I received a request today for any research that could be used to show how ICT is improving student outcomes? To me, this is such a complicated problem. Firstly, what is a ‘student outcome’? Secondly, technology is a tool used to support learning, not something that can necessarily be measured in and of itself. The question then to be considered is what outcomes do you measure in order to ascertain the impact of technology? Here then is my list of possibilities:
- Engagement: This is often the first place that people go to. Maybe this focuses on whether they associate with learning or participate. However, as David Price highlights, measuring it is not always obvious. That is, it is not always seen, not simply about test scores or having fun. Seymour Papert touches on this when he suggests that learning should involve ‘hard fun‘, where learning is difficult, rather than easy.
- School Connectedness: This is often a barometer used in surveys like Attitudes to School. However, although such measurement is useful when it comes to well-being, it is not so obvious when it comes to technology.
- Collaboration and Problem Solving: This is popular when it comes to 21st century learning and has received considerable focus, particularly from the ATC21s group. The challenge is often capturing the different facets of cooperative learning and where technology sits in this.
- Learning Agency: Like engagement and connectedness, what agency means can be different for different people. Claire Amos has provided a detailed guide for introducing agency. In first place, she argues for one-to-one access, although how you differentiate this from the rest of the list I am not sure.
- Creativity: Sir Ken Robinson describes this as “putting your imagination to work”. However, like collaboration and problem solving, this can be hard to pin down, especially in relation to tools and technology.
- Digital Citizenship: Often people argue we should use technology as a model for life. An example of this is provided by Alec Couros and Katia hildebrandt in their digital citizenship curriculum for the Saskatchewan Schools District. Much of this is also included within the new Digital Technologies curriculum, with more focus on how technology works. Although tools like David White and Alison Le Cornu’s mapping of the web from in regards to residents and visitors provide a useful point of reflection, they do not necessarily demonstrate specific learning growth.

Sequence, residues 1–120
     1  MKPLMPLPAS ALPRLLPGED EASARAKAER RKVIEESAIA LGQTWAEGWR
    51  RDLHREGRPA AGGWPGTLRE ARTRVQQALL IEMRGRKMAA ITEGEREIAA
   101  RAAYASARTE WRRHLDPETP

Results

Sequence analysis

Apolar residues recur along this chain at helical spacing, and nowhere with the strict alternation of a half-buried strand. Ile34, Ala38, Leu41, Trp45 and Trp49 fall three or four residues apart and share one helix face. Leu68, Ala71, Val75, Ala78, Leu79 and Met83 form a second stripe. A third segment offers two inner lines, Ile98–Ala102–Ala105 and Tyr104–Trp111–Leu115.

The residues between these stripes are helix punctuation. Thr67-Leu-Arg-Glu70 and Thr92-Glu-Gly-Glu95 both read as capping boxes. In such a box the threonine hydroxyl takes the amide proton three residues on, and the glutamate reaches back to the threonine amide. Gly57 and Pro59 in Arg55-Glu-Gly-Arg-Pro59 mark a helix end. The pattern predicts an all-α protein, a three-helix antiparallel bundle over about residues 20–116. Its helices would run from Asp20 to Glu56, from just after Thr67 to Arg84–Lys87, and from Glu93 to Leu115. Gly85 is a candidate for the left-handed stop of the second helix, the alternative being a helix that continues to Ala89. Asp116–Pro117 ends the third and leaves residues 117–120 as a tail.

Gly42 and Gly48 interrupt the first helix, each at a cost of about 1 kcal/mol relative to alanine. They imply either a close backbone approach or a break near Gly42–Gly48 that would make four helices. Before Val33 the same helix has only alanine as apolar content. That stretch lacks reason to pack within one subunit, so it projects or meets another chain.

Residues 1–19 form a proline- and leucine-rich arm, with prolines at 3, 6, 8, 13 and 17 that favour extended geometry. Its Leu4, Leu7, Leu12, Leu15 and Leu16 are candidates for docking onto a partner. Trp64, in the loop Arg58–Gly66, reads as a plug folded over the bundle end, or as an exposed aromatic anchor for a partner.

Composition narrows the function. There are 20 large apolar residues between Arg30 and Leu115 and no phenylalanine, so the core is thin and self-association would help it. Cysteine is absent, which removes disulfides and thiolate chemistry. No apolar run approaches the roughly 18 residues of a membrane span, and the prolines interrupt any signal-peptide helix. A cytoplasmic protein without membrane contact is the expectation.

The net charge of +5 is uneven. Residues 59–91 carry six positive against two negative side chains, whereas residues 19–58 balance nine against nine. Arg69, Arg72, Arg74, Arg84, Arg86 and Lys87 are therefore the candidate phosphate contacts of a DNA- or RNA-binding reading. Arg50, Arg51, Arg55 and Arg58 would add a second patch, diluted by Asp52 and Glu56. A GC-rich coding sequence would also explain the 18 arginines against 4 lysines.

In the end though the problem that still exists beyond what to measure is the questions of how is the technology actually used and why. A more fruitful approach is to enter develop a holistic action research project incorporating the ioi process. Instead, people commit themselves to frameworks like SAMR to guide them. In addition to this, the reality is that a school further on the road towards normalisation is going to have more success with technology, than one at the beginning of its journey. Importantly, Mal Lee points out that,
Until school principals are of a mind to transform ‘their’ school the staff and the school’s community have little likelihood of changing the status quo.
The problem though as Paul Tozer points out is that at present, with the focus on NAPLAN and VCE, moving into the digital realm is not always a priority.
For those interested, here is a list of research, presentations and publications shared online:
- Australian Teaching and Learning Toolkit – Digital Technology – This analysis provides a summary of the effectiveness, as well as an estimated cost per student.
- Education Technology or Technology Education? Can computers make an impact in schools? – Oliver Quinlan responds to the question of technology in light of the OECD report.
- Students with laptops did better in HSC science – This post by Simon Crook,Manjula Sharma and Rachel Wilson unpacks a research project into the use of technology in senior maths and science.
- Using wikis to promote quality learning in teacher training – Steve and Dawn Wheeler report their findings on the use of wikis to add authenticity to the writing experience.
- Seymour Papert at Bates College (2000) – A great introduction to Papert’s work, he covers many of the questions raised about the use of technology even today.
- Just what are we preparing our students for? – In this presentation, Jenny Luca outlines a vision for the future.
- Classroom of the Future – In this presentation, Anthony Speranza ponders the future of learning. This includes the place of technology in regards to learning.
- What is technology’s impact? – In this detailed post, José Picardo unpacks what the research says about the impact of technology.
- Students, Computers and Learning – An OECD report into the impact of computers in the classroom.
- Technology Integration Research – An annotated bibliography collated by Edutopia.
- Brightbytes – A platform that supports evidence-based action.
- What’s Your Problem? – Steve Brophy provides a review of How to Measure Everything, a guide to not only measuring outcomes, but working out what you are trying to measure in the first place.
- Return on Instruction (ROI) – Eric Sheninger provides a perspective from leadership on measuring the impact of technology.
- Action Mapping – Cathy Moore uses a process of questions to help analyse a performance problem and design solutions.
As always, comments, links and suggestions welcome.
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